Skip to content

Provence: Day Two

July 16, 2013

1064987_10201130231930817_662308757_o

Lavender. Provence is so much about lavender. You hear this all the time, and then you get here and you finally understand. It grows everywhere, and is such an inherent part of the area’s economy, an entire museum is devoted to it.

The aptly named Lavender Museum in Coustellet will tell you everything you ever wanted to know about its history, growth and production. Know the difference between fine lavender and lavandine? I didn’t either, but now I do (fine grows by seeding, is cultivated carefully by hand, and used medicinally; lavandine is cloned, mass-produced, and is distilled into soaps, oils and candles). Curious about the distillation process of lavender, and how it has improved since the 17th century? Well, this museum is for you.

Of course, no museum experience would be complete without the tour steering you to the gift shop/boutique, where very attractive young people lovingly spread essential oils on your hands and wrists. Resistance is futile; we walked out with a sachet and several soaps.

As charming and fun as that was, nothing really prepares you for the lavender fields when you see them. The one we visited was at the Abbey Notre-Dame de Senanque (photo above), just outside the hill town of Gordes. As you pass through Gordes and begin descending the hillside towards the Abbey, the sight of what appears to be a massive carpet of violet immediately strikes you. As you close in on it, you can’t help but be amazed by its enormity and beauty.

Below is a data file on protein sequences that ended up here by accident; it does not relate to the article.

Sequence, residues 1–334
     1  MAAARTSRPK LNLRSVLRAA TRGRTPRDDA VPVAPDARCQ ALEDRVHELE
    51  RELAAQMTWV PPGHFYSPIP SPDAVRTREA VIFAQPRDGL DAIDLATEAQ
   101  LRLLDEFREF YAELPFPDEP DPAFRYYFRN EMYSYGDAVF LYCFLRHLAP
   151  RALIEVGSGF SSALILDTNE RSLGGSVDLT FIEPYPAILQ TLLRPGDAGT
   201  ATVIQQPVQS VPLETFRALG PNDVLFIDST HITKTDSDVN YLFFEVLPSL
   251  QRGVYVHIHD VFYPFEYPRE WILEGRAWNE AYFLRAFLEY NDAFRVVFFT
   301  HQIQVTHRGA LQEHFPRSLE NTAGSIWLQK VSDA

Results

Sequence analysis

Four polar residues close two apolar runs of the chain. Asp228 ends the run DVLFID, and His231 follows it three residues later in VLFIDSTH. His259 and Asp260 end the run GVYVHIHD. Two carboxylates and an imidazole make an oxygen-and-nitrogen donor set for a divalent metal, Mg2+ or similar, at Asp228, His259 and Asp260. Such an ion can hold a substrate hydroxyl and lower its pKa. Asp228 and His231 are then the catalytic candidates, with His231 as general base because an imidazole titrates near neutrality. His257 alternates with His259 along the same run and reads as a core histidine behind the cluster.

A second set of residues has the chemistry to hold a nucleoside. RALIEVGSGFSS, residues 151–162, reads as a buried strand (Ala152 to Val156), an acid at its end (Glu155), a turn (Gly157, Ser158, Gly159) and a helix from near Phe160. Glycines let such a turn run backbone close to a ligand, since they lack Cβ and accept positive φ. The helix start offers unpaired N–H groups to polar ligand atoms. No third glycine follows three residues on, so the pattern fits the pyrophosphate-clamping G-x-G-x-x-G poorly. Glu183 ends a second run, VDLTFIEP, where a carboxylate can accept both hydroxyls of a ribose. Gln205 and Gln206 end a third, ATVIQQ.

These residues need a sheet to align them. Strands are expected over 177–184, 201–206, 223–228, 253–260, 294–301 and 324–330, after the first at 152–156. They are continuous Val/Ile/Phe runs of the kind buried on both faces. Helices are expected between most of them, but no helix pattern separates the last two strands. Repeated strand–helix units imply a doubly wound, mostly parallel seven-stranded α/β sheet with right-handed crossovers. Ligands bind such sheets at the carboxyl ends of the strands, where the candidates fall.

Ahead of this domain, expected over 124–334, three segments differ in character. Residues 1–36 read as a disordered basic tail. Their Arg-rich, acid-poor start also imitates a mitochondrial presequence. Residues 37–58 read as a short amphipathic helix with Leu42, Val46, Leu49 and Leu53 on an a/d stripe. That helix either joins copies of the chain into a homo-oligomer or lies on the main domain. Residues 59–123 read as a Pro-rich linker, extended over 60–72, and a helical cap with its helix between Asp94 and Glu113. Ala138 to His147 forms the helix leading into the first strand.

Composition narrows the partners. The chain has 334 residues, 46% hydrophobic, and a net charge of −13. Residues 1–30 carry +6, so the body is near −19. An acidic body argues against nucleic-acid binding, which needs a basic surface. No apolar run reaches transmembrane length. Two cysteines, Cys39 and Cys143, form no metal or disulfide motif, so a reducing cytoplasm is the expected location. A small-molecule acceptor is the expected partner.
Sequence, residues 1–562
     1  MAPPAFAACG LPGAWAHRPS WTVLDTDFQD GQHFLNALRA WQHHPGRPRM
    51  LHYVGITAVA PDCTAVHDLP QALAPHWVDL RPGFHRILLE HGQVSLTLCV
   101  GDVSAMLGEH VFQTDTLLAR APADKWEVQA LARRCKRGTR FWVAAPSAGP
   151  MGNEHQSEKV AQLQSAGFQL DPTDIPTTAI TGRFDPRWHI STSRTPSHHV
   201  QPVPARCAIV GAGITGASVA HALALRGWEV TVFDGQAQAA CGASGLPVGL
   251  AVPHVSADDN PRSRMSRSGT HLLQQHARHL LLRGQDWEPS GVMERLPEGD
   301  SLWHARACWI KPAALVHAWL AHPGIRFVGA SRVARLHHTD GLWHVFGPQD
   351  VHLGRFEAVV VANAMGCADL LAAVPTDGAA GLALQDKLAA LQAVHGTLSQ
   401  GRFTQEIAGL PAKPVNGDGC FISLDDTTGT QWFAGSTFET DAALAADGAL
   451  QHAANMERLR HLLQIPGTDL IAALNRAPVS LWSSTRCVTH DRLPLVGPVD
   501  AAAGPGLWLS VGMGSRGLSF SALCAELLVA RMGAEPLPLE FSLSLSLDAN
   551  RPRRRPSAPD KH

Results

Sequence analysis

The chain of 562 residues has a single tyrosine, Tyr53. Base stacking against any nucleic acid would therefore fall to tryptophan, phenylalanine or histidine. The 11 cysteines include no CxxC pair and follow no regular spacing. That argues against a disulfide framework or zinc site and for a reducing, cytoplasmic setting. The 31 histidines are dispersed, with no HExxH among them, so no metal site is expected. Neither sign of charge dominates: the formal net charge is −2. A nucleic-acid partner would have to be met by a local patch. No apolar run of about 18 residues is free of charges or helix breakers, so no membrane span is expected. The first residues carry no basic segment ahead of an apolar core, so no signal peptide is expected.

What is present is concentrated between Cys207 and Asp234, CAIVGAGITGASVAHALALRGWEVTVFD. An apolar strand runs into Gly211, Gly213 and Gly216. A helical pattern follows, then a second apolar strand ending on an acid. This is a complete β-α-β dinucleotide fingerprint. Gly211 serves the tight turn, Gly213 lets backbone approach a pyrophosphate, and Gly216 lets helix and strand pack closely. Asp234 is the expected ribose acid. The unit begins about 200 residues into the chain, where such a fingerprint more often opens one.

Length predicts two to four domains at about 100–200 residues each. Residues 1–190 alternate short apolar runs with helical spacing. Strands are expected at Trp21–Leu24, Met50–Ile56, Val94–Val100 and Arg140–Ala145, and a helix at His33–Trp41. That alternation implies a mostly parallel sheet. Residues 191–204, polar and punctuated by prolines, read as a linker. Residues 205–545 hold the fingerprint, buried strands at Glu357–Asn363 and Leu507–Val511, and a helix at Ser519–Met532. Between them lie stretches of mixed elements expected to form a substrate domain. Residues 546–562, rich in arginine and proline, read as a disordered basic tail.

The still-functioning Cistercian Abbey was built in the 12th century, and its sheer simplicity provides a breathtaking backdrop to the fields. The aroma is as intoxicating as you would imagine, but standed or seated amongst lavender in this monastic setting can’t help but quiet your mind. I found it had a sincere meditative quality that I did not expect—so much so that I didn’t mind the preponderance of bees, despite my allergies. The bees also were as uninterested in me, clearly finding the lavender just as captivating.

The photos do not do it justice, and the descriptions are not hyperbolic—you haven’t really experienced lavender until you’ve experienced it in Provence.

Advertisements
No comments yet

Leave a Reply

Fill in your details below or click an icon to log in:

WordPress.com Logo

You are commenting using your WordPress.com account. Log Out / Change )

Twitter picture

You are commenting using your Twitter account. Log Out / Change )

Facebook photo

You are commenting using your Facebook account. Log Out / Change )

Google+ photo

You are commenting using your Google+ account. Log Out / Change )

Connecting to %s

%d bloggers like this: